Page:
VIRGINIA BEACH, Va. - Wild animals in Virginia Beach are being harmed, and in some cases their injuries are fatal.
Animal Control says they are now investigating animal cruelty cases after illegal traps were set across the city.
The most recent incident happened on February 5 on Cheswick Lane. Virginia Beach Animal Control and Virginia Beach Fire Department Ladder Truck 7 found a raccoon dangling from a tree branch. His leg was confined to a trap, and the trap links were caught on a limb.
Lisa Barlow, President of Tidewater Rehabilitation and Environmental Education, said when they reached the animal in the tree, he was only about 10 lbs, when a raccoon of his size and age typically weighs around 20 lbs. She estimates he was suffering for about a week.
Due to the condition in which the raccoon was found, Animal Control is investigating the case as animal cruelty, which is prosecuted as a Class 1 misdemeanor.
"To have the trap there, as we discussed, is legal; however, it is required to be staked down. The problem was that the raccoon was able to get away with the trap on its leg, where this is cruel," Animal Control Supervisor Rebecca Franklin says.
Just across town two months earlier, two separate foxes were also found confined to a trap. Franklin says,"It's definitely more [often than] we would typically see in that time frame."
As the animals tried to get free, their injuries got worse. Once they were found, they required surgery and care. One fox is set to be released within the next week or so.
Franklin says they can't help but question the "what ifs."
"[Imagine] a child [touching a trap]. If these things are out and set... if somebody were to happen to see them and step on one or stick their hand trying to figure out what they are just due to curiosity, that they could get hurt."
She also cautions people to watch their pets even if the traps aren't designed for them.
In the case involving the raccoon, the trap was called a Dog Free Raccoon Trap, but Franklin says everyone still should be vigilant.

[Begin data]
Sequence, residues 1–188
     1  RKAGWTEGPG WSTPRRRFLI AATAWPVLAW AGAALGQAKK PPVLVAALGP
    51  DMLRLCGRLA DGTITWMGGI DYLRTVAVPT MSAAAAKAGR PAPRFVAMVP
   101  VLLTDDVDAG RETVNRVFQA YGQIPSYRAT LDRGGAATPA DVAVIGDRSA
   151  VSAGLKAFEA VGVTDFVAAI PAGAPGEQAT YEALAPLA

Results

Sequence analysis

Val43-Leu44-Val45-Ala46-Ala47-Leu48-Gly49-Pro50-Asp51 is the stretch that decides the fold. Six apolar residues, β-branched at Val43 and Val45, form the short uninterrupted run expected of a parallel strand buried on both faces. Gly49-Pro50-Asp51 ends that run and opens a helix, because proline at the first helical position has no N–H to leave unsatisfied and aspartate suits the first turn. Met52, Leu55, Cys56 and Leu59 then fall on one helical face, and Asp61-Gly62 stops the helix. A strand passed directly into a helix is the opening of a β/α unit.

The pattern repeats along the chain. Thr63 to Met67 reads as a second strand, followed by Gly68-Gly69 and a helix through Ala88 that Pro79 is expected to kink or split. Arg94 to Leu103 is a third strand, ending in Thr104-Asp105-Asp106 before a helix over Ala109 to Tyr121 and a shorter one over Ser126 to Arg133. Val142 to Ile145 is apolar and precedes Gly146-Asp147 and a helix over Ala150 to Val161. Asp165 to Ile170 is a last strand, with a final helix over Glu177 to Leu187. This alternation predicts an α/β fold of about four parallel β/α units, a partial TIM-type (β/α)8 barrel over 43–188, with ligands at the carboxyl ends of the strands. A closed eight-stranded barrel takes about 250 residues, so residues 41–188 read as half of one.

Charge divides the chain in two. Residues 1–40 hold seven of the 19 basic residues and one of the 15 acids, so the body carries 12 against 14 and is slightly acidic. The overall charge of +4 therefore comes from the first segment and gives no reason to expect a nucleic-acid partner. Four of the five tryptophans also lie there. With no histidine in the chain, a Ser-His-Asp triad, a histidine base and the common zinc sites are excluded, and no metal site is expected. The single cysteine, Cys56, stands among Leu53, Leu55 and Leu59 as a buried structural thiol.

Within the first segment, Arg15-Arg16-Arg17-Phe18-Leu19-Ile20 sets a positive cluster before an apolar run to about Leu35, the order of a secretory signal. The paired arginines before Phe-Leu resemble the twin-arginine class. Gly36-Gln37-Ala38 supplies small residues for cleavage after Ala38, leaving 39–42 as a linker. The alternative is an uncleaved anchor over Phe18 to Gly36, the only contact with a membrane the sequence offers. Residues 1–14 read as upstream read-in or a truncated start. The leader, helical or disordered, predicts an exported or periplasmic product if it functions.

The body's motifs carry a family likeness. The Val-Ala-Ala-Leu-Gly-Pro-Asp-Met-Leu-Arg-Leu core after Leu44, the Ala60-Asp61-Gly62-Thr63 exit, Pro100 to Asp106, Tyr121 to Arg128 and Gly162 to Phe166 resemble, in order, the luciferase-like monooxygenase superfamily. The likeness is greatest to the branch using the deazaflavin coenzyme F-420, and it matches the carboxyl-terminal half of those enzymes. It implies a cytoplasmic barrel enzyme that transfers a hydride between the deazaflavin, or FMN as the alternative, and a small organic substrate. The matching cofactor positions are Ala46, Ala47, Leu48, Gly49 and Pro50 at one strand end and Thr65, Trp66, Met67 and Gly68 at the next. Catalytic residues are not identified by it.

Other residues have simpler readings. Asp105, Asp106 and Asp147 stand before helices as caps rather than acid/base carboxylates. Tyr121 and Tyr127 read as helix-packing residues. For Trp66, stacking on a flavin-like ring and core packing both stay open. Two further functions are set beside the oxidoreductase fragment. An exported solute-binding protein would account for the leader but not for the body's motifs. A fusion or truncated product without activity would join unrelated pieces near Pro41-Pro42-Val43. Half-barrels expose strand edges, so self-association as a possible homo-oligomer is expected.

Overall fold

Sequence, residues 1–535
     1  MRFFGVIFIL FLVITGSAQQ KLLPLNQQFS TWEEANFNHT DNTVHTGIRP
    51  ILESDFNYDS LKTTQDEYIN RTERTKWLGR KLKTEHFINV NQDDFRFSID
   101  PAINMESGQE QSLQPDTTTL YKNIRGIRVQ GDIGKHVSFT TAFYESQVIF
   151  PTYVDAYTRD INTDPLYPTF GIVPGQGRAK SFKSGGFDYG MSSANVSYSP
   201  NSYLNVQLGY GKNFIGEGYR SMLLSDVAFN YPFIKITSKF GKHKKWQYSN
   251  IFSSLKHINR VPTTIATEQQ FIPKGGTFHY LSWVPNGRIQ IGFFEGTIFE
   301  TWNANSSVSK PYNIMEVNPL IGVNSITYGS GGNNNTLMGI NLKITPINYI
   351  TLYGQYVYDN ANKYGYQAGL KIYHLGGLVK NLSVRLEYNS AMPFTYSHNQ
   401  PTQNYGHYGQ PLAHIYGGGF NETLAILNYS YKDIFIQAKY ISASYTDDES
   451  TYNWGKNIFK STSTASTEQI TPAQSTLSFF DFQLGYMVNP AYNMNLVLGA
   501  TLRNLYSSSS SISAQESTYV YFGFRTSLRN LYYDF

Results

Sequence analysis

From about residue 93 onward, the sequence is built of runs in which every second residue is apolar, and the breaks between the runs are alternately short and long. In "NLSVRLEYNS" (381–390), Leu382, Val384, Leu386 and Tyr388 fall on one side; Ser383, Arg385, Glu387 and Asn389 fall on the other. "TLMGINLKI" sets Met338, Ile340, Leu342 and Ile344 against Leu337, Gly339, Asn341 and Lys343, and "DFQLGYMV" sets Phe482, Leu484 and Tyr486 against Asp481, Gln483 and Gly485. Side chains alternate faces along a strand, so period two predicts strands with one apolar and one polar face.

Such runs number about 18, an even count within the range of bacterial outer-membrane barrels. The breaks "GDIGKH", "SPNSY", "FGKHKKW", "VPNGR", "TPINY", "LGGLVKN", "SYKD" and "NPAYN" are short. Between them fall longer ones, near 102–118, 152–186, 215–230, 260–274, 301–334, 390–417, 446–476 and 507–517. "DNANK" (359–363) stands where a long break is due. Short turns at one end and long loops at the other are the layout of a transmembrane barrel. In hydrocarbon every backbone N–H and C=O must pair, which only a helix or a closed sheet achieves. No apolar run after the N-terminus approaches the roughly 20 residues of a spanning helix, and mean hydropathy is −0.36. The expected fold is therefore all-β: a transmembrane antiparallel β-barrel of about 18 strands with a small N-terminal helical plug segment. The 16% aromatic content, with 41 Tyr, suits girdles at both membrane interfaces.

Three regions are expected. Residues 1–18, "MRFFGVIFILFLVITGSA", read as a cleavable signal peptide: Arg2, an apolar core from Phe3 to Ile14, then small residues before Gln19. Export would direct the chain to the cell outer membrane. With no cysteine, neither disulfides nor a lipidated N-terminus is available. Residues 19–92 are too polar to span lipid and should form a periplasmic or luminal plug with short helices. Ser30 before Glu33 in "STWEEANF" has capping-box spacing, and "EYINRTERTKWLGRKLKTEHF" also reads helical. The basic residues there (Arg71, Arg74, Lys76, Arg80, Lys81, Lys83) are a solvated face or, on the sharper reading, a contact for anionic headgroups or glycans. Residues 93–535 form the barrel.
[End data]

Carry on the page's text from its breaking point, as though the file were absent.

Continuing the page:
All three cases are being investigated as animal cruelty cases, and officers are looking for anyone who was involved.
According to the Department of Game & Inland Fisheries, "It is lawful to set traps in water from December 1 through the last day of February, both dates inclusive, and at any time within the incorporated limits of any city or town in the Commonwealth and in the counties of Arlington, Chesterfield, Fairfax, Henrico, James City, Loudoun, Prince William, Spotsylvania, Stafford, Roanoke, and York, except as otherwise specifically provided by Department permit or by local ordinances."
Trapping is also lawful on private property and for those with a valid license to trap.
On their website, DGIF also provides techniques to try if an animal has become a problem for property owners:
- If you are feeding wildlife, stop. This will cause them to lose their natural fear of humans.
- Keep trash inside until the morning of trash pick-up or place trash in an animal proof container, such as a metal trashcan with latches on the lids.
- Do not leave pet food outside; keep pet feeding areas clean.
- Remove bird feeders when problem species, such as bears, have been seen around them.
- Close up all openings under and into your buildings. Animals look for places to den and raise their young—don’t give them that opportunity.
- Clear overhanging tree limbs and branches which may be providing wildlife access to structures.
- Clear fallen fruit from around trees.
- Pass along this information to your neighbors. If anyone in the neighborhood is feeding wildlife directly, or indirectly, it can cause trouble for everyone.
- Reflective tape, lights, or noise sometimes works, but they will eventually grow accustomed to these methods, so this is only a temporary solution.
- Electric fencing can be very effective in keeping wildlife out of crops, beehives and structures.
- It is illegal in the State of Virginia to trap and relocate an animal to another area.
Click here for rules and regulations set forth by the Department of Game & Inland Fisheries.